Suffice it to say that I am not necessarily optimistic about Firefox surviving as a good(substantially free of built in snooping, easy vulnerabilities, etc, etc) browsing tool for even the next few years, although I felt this way even before the Tbird announcement.

    If the google Firefox connections that I read about are indeed true, then, I believe Firefox will be virtually "impotent" or compromised in less than 16 more months.

    https://www.wilderssecurity.com/showthread.php?t=128120
     
  7. 072707

    072707 Registered Member

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    I unchecked run as windows service. My speed using Tor is now about half my direct connection speed. What I don't know, of course, is if unchecking windows service actually had anything to do with the problem or if the Tor network itself has just returned to normal, or at least what I referred to as tolerable for the first 3 or 4 days that I used Tor.

    The speeds that prompted me to start this thread were 5 to 10 times slower than direct connect.

    I am, however, still unsure if I am prepared to take the type of "hit" to my productivity that half my direct connect speed results in.

    For now I am begrudgingly going to leave Tor off.
     
  8. SteveTX

    SteveTX Registered Member

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    xB Browser is built on firefox. And there is nothing more secure than xB Browser's modifications of firefox. It is the anonymous browser, with over 4 million downloads. Give it a shot, you won't be disappointed.

    No, you can use the 30 day trial specifically with xB Machine, which is a secure virtual workstation.

    xB VPN is a portable version of OpenVPN, typically pre-configured for the XeroBank network. It allows XeroBank Pro users to seamlessly connect to the XeroBank network, rerouting, encrypting, and anonymizing all inbound and outbound traffic.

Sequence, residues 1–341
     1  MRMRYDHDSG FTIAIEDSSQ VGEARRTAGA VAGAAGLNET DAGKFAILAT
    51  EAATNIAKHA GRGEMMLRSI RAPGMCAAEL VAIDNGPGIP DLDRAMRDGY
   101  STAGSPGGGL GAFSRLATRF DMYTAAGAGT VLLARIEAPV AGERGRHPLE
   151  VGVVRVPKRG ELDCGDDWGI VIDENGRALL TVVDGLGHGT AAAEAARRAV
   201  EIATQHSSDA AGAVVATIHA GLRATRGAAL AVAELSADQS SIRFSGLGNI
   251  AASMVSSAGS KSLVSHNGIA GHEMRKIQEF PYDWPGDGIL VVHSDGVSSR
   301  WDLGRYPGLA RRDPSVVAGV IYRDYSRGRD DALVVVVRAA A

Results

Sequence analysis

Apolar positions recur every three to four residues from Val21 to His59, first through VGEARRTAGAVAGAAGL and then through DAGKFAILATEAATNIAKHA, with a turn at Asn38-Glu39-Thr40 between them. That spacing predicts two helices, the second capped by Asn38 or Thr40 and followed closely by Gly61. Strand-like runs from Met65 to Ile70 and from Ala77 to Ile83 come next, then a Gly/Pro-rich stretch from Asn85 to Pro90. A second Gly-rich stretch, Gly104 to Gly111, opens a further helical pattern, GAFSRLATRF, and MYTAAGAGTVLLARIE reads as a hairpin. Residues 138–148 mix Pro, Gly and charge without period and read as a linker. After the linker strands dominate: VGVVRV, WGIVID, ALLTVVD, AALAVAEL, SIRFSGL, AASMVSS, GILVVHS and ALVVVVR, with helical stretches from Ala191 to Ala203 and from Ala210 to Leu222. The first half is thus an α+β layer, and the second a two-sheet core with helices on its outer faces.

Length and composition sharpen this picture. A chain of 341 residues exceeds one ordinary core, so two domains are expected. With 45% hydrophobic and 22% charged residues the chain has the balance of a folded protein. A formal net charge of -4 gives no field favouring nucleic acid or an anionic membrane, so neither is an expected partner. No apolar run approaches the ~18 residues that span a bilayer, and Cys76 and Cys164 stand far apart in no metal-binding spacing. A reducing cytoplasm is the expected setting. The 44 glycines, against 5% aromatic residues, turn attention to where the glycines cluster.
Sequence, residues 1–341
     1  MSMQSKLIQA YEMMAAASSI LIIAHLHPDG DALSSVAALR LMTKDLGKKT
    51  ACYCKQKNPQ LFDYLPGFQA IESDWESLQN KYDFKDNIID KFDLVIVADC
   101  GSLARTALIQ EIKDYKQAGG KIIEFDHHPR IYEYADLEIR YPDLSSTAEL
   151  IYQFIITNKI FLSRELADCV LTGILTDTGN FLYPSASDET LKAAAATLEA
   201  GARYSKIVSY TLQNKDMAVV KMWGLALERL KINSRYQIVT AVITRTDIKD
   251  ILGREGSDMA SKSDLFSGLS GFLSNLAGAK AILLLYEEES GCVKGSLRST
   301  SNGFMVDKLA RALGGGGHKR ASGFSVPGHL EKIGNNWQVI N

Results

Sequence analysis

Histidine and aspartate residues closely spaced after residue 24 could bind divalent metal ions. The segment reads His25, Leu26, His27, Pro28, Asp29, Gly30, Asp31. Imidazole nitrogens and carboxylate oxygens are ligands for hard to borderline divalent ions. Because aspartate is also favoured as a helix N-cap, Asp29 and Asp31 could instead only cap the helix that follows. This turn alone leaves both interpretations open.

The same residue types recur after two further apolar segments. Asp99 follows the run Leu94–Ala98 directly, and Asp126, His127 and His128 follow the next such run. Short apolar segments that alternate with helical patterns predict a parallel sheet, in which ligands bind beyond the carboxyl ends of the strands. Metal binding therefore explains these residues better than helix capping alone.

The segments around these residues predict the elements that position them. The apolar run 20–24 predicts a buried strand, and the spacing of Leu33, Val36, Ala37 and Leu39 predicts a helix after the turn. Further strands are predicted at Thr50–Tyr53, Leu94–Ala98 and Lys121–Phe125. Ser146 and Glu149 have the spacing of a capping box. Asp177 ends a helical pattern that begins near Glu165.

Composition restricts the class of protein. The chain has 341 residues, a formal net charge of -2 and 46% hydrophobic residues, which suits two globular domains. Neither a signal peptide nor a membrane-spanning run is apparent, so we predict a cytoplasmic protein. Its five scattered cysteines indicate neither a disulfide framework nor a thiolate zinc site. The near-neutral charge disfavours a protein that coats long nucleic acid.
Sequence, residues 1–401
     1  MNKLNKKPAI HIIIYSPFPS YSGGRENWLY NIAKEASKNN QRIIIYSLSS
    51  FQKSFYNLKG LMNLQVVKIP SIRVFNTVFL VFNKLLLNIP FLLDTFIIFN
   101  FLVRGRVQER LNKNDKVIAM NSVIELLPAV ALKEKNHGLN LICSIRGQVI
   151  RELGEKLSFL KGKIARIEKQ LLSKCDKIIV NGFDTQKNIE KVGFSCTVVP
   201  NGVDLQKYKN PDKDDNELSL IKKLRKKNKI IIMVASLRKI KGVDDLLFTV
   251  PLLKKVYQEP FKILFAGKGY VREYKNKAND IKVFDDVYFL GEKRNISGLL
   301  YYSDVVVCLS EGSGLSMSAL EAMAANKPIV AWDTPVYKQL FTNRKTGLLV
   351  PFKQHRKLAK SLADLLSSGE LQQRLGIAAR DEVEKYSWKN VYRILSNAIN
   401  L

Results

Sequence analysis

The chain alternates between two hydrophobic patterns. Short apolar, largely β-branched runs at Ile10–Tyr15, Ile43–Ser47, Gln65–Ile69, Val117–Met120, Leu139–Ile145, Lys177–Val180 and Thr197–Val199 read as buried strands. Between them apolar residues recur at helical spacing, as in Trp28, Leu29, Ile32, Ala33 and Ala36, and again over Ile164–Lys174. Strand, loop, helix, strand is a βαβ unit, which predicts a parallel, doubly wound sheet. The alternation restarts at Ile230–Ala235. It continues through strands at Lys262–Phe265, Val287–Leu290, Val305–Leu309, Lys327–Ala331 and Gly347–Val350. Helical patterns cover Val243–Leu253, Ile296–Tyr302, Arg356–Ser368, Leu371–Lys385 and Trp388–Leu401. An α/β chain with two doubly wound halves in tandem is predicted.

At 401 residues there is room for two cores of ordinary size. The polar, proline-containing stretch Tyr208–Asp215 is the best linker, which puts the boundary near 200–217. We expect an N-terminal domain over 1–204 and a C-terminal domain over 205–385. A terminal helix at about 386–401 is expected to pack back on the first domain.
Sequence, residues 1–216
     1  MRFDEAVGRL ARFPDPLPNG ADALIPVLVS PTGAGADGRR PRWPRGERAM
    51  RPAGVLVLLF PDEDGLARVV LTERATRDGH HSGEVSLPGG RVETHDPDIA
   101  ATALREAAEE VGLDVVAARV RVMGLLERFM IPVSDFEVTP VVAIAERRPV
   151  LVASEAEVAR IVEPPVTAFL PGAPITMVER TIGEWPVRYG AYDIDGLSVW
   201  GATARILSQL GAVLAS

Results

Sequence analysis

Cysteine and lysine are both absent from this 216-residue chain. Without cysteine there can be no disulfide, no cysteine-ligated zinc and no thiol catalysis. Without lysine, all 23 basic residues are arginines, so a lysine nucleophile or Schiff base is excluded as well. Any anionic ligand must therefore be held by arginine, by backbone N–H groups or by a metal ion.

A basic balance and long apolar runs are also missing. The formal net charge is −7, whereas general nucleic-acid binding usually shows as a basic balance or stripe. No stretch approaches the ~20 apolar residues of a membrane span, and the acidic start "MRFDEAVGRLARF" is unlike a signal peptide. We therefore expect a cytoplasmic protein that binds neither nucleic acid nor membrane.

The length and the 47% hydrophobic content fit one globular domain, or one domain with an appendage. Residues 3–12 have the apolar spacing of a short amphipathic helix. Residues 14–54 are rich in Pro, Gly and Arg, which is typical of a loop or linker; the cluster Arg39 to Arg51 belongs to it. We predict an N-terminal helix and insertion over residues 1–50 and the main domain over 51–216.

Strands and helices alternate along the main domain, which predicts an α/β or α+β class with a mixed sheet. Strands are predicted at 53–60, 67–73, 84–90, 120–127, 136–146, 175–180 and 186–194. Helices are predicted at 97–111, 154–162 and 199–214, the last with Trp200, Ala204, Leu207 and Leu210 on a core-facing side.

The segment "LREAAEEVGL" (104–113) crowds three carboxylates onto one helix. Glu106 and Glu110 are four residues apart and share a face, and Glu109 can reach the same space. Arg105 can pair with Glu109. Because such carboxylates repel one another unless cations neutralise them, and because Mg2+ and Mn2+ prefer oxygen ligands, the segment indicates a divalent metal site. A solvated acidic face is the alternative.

Something like that.

    No offense, but you are way underprotected if that is your major defense. xB Browser has noscript and a host of other modifications.

    Quite a few of them.


    To be honest there are a lot of reasons why you may be experiencing a slowdown. The slow is the normal speed, the fact that you had fast speed for a while is a fluke. You could change your circuit nodes to only use the ones with high bandwidth availability, but you reduce your anonymity.

    I think the community is there, and that is what Firefox thrives on. People want to see this browser develop and get better. The drop of Thunderbird, however, is a questionable act on the part of Mozilla. Thunderbird is an awesome email client, I would hate to see it bite the dust. But no, firefox isn't going anywhere, they have a huge marketshare, and that is worth a lot as-is. I don't see Google as having any interest in neutering Firefox. That would be shooting themselves in the foot, if the rumor is true about their ownership. The bottom line is Firefox has been good about pushing timely vulnerability updates, IE not so much. You'll find that both browsers have bugs, but the concern is how quickly they are found and fixed as a measurement for the group involved.